• Taste of Florence Food Festival, Florence, Italy – If you want to experience the best of Italy’s food culture, plan to attend this festival which features some 300 stands that serve food from across the country over 3 days in mid-March.
  • Las Fallas, Valencia, Spain – This massive event takes over much of Valencia for five full days and nights, March 15 through March 19 every year, with parades and pageants, culminating with a huge fireworks display. The fireworks are stuffed inside hundreds of elaborate paper maché creations that are set on fire, bursting across the city.
  • Saint Patrick’s Day – While Saint Patrick’s Day is an Irish holiday, it’s celebrated throughout much of Europe, but the biggest and best, of course, is hosted in Dublin. The capital city puts on a massive four-day festival, with the main event, the parade, taking place on March 17th. It features all types of fantastical creations and exciting performances that include local and national bands, bands from the U.S. and beyond. The Irish Craft Beer & Whiskey Village is open throughout the festival and showcases beer, whiskey, artisan food and entertainment, including live music.
  • Starkbierzeit, Munich, Germany – March in Munich offers the chance to attend festivities similar to Oktoberfest, but without the big crowds and higher prices. Starzbierzeit translates to “Strong Beer Time,” and takes place throughout much of the month. It includes, of course, lots of beer, as well as singing to drinking songs and dancing on tables in a celebration of Bavarian culture.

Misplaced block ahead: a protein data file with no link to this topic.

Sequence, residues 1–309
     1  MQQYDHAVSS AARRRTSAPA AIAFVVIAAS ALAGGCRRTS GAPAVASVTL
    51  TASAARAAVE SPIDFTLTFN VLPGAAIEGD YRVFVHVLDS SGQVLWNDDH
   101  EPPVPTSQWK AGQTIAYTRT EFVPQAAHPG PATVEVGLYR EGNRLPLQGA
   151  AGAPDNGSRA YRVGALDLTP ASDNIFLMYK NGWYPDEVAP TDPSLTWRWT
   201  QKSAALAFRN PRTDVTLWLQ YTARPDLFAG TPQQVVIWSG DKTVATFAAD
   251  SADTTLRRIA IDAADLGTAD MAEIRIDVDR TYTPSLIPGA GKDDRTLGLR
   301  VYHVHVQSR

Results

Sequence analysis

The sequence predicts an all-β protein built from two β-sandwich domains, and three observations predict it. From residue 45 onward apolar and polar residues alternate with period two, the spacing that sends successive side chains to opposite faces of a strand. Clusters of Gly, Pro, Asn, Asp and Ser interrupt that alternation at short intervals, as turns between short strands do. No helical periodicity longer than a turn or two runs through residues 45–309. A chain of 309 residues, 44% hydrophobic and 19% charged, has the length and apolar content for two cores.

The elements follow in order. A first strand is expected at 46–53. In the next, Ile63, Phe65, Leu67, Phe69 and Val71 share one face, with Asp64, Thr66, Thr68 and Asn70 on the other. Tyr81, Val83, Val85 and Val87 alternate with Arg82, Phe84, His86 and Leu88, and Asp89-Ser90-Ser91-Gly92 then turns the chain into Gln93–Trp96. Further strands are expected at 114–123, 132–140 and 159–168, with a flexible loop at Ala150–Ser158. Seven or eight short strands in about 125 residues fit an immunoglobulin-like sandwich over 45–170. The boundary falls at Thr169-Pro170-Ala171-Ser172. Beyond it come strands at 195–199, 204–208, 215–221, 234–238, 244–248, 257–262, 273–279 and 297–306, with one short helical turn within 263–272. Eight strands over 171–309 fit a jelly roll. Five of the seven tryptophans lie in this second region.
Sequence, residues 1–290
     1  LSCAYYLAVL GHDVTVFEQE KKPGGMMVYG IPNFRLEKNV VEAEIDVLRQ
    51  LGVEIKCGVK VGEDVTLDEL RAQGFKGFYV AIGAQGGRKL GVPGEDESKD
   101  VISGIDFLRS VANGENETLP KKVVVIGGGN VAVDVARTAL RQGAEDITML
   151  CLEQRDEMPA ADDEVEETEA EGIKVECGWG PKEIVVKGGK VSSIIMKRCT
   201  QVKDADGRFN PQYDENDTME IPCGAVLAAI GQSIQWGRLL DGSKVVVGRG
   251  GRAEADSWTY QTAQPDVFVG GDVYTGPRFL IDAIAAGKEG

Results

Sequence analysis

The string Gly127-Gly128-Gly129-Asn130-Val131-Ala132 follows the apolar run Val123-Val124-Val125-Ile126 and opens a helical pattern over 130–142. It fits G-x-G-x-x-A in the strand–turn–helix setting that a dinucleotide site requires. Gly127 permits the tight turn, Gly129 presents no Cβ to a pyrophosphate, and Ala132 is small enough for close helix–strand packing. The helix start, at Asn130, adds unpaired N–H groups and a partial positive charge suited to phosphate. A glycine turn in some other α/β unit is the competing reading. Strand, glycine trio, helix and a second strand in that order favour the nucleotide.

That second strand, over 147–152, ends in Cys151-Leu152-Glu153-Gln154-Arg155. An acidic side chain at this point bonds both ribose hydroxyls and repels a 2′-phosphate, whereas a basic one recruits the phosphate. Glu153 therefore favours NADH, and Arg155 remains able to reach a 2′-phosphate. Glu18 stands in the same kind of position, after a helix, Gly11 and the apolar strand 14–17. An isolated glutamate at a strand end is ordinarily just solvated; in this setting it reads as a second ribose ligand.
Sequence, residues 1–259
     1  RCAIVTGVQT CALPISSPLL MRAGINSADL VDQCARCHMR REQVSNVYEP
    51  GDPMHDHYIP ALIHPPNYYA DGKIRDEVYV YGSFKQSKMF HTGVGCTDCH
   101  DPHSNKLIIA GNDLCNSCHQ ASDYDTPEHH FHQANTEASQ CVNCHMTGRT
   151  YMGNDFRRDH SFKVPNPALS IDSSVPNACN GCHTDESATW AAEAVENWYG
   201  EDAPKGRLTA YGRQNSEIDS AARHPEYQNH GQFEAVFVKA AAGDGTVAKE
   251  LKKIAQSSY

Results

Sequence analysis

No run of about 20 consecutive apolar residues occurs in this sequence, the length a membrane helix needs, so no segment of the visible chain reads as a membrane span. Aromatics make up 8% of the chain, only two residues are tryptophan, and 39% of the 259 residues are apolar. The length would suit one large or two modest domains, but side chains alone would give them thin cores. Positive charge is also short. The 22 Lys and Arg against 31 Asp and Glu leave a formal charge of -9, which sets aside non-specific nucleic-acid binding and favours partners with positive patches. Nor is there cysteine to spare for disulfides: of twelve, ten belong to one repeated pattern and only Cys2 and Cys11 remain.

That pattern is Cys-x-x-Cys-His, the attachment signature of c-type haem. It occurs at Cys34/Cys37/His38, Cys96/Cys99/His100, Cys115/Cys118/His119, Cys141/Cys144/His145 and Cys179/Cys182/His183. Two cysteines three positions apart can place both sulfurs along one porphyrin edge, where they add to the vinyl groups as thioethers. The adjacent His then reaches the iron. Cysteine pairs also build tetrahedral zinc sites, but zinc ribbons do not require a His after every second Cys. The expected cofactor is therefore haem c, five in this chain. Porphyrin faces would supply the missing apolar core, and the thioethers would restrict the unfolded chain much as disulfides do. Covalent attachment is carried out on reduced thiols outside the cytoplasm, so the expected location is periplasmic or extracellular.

Europe in April

  • Holy Week and Easter – Holy Week is celebrated from Palm Sunday to Easter Sunday, sometimes falling in late March, but most often in April. Throughout Europe, there are many festivities for Easter, in the squares, streets, and stores. For the non-religious, it means things like candy and the Easter Bunny, while for the religious it’s a time for church services and rituals. Each diverse culture celebrates the holiday in its own way – in some places there may be Easter markets and parades to attend, with some of the biggest festivities in Italy, Spain, France and Portugal.